Ringside Report: Broner vs Granados Fight card

Alan J Kindred

“The Commissioner” Alan J Kindred, has been a boxing fan and historian for almost 30 years now. He has written articles for various boxing websites and is now happy be part of the RingNews24 writing team. He also runs a group on Facebook “The Commissioner's Corner: A Face Book Boxing Group” where he keeps his own top 20 world boxing rankings in all 17 divisions that he updates weekly. Alan also has a Bachelor’s degree in Business Administration with a focus in Healthcare, and is now working on his graduate degree in hopes of earning a Master’s degree in Health Services Administration.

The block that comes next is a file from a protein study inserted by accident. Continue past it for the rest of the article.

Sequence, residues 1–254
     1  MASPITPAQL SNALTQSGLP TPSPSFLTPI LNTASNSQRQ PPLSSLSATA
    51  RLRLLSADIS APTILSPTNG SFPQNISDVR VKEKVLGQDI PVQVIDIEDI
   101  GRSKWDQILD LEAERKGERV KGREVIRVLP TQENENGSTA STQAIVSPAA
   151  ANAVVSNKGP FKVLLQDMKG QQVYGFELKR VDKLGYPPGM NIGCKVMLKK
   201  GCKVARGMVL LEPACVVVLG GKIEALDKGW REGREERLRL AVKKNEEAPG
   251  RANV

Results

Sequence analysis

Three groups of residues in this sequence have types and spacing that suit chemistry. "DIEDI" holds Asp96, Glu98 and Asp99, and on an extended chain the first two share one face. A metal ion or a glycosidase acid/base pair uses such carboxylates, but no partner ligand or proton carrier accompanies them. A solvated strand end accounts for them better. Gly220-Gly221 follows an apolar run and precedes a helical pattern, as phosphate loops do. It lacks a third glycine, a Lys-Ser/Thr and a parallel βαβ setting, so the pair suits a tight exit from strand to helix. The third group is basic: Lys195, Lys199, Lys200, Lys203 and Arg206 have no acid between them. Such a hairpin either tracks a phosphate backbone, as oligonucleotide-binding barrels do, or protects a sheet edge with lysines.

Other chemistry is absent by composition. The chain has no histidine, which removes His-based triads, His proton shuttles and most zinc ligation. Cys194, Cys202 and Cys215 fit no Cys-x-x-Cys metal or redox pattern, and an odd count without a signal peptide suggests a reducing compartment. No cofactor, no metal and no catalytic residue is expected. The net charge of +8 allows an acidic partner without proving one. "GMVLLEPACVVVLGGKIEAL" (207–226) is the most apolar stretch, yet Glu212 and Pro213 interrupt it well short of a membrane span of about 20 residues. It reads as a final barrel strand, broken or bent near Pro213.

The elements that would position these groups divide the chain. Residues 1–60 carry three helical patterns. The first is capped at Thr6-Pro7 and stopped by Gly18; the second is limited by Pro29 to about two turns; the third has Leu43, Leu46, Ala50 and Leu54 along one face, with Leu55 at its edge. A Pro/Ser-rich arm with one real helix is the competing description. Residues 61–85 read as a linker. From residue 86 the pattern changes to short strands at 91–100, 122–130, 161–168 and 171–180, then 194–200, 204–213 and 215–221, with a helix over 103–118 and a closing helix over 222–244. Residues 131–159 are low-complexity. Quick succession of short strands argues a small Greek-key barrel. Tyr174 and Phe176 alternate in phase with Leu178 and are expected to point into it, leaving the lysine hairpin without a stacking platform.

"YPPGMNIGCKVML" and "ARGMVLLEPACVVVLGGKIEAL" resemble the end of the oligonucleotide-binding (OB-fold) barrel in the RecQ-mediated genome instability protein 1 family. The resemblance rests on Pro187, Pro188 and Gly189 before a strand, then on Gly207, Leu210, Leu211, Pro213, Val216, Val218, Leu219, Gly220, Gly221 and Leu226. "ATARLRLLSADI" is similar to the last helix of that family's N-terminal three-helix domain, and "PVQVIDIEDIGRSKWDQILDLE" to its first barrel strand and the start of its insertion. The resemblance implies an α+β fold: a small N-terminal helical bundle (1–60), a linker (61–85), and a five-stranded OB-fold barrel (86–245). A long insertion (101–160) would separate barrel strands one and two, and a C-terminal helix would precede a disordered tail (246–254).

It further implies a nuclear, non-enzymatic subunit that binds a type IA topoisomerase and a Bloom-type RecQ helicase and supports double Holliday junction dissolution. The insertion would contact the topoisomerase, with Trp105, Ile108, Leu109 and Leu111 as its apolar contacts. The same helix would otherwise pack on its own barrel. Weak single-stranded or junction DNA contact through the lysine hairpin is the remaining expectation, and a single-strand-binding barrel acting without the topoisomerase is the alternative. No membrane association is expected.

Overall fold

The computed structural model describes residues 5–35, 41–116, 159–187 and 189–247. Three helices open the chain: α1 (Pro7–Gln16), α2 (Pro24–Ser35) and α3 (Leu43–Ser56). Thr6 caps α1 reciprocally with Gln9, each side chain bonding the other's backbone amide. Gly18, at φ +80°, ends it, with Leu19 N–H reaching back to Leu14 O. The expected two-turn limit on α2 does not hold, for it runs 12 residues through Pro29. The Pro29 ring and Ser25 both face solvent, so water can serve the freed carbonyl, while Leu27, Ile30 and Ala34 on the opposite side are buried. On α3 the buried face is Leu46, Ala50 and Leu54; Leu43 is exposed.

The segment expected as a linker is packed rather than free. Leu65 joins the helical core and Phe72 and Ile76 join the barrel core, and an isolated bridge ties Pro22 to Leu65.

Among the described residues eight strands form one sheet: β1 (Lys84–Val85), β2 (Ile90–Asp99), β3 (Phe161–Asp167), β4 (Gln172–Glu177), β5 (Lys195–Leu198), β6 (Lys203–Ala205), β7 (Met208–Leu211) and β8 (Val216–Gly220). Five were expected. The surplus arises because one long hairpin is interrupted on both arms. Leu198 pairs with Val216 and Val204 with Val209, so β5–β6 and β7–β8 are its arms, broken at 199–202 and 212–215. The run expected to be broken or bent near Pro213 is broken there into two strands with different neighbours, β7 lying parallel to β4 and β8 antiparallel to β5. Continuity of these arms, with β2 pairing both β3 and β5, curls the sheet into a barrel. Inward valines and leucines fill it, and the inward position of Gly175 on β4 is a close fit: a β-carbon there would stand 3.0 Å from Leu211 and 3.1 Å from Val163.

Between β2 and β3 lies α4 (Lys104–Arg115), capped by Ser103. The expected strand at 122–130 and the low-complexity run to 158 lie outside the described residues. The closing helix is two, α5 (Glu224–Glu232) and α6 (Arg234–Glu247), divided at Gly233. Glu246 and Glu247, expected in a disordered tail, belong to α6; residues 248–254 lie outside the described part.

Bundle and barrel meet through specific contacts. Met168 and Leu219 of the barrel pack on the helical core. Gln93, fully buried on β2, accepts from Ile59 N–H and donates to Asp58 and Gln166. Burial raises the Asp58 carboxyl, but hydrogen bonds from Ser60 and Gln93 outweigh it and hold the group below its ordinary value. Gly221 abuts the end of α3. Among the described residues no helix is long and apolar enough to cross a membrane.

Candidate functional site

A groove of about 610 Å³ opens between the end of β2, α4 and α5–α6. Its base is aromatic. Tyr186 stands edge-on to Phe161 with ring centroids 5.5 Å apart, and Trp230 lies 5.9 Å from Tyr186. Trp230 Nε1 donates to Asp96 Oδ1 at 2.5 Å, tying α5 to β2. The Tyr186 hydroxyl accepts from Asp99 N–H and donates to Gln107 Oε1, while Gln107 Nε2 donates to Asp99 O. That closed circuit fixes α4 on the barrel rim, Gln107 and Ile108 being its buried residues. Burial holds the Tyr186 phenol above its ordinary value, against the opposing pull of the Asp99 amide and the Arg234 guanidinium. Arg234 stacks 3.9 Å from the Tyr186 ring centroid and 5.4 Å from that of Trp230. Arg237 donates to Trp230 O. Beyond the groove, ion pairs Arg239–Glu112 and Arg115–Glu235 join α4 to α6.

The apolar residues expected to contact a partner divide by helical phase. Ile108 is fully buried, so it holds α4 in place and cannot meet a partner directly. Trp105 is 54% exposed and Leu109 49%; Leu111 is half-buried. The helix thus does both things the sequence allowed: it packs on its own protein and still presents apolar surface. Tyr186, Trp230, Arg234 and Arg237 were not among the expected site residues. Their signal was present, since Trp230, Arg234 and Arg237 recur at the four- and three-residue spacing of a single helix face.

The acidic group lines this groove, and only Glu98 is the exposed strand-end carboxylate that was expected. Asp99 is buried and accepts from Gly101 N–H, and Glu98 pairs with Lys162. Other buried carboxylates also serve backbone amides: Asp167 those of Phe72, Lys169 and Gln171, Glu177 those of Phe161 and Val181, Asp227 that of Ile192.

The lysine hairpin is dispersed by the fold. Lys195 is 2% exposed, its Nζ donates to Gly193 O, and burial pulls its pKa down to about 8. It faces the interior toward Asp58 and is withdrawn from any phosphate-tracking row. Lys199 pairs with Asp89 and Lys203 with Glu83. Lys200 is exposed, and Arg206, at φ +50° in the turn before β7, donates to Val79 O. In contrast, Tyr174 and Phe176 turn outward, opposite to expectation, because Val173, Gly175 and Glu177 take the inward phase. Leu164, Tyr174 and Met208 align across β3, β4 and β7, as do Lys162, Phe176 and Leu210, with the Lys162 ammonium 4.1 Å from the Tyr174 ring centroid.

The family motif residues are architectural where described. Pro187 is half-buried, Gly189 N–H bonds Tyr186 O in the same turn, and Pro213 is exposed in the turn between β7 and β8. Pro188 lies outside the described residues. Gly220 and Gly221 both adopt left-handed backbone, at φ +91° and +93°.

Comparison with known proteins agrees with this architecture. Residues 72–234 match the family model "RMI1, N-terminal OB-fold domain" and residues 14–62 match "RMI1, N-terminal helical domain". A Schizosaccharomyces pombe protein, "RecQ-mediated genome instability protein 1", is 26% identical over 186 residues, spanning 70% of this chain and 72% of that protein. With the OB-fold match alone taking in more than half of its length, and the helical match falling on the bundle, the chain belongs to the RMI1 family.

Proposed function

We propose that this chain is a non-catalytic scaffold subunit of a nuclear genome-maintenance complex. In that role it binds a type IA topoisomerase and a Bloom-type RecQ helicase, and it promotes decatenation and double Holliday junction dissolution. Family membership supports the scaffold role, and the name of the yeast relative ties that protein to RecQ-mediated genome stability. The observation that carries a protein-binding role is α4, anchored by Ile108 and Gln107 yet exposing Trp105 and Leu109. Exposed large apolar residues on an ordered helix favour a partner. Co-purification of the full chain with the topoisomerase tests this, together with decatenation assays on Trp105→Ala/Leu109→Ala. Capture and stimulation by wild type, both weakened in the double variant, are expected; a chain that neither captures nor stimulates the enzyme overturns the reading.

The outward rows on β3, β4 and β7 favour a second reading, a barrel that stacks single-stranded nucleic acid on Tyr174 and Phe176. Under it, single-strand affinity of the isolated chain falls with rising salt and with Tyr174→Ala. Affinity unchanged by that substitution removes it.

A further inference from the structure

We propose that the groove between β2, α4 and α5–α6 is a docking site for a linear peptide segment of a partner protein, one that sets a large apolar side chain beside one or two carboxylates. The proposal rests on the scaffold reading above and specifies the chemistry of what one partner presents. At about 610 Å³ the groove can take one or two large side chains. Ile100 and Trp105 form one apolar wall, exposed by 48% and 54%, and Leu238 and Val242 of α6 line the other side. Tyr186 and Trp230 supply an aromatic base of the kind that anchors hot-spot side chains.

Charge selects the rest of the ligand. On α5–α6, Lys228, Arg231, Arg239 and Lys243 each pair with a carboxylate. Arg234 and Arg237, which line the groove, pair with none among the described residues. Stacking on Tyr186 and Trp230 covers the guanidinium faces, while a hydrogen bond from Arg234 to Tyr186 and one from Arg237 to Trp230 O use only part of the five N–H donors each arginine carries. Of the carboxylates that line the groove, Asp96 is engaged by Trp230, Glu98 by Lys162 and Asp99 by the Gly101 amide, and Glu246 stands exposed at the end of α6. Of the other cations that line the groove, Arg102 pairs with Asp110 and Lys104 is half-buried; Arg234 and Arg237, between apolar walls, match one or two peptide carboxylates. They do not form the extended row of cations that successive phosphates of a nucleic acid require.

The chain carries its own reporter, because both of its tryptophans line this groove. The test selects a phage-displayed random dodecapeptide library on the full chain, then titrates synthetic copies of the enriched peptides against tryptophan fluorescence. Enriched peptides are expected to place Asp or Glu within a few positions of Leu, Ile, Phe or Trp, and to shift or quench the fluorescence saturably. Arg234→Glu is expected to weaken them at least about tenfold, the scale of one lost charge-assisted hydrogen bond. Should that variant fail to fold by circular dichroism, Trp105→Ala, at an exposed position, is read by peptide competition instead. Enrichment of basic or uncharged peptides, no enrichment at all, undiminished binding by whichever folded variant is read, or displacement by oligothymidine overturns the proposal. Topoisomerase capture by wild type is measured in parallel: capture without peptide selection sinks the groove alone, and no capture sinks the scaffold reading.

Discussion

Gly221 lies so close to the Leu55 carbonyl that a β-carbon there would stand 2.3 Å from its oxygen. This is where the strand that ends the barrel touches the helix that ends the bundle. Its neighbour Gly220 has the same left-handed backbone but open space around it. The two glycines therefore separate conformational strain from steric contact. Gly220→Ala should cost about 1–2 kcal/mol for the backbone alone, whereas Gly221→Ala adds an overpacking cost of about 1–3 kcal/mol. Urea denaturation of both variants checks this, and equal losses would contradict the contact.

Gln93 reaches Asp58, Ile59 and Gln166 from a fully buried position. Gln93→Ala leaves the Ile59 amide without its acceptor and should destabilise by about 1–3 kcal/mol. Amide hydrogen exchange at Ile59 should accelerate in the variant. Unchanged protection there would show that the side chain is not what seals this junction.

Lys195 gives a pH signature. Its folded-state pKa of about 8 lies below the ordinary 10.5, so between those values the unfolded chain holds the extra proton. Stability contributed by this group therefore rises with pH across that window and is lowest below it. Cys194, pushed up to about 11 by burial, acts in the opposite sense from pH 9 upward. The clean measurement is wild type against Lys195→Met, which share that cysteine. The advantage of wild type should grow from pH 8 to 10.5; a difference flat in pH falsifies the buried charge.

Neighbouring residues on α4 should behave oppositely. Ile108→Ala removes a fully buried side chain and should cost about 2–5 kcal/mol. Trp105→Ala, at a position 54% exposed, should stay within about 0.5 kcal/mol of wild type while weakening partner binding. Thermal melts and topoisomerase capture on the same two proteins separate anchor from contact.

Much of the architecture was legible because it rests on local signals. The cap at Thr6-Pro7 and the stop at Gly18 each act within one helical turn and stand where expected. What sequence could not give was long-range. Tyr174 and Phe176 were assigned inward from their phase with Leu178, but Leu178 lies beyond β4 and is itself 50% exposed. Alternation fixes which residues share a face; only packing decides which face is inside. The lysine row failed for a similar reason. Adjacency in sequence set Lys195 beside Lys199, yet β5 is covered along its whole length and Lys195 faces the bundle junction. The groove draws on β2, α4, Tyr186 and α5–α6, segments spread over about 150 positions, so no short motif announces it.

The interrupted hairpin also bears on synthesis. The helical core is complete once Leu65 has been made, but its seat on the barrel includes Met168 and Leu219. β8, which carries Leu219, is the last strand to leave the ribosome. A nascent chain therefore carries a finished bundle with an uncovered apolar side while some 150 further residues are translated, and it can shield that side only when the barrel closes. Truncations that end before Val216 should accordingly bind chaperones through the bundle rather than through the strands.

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This last Saturday night from ringside, an excited and loud crowd witnessed some world class boxing action at the Cintas Center in Cincinnati Ohio. The three main card fights, shown live on Showtime, did not disappoint. They all three delivered some good action with a lot on the line.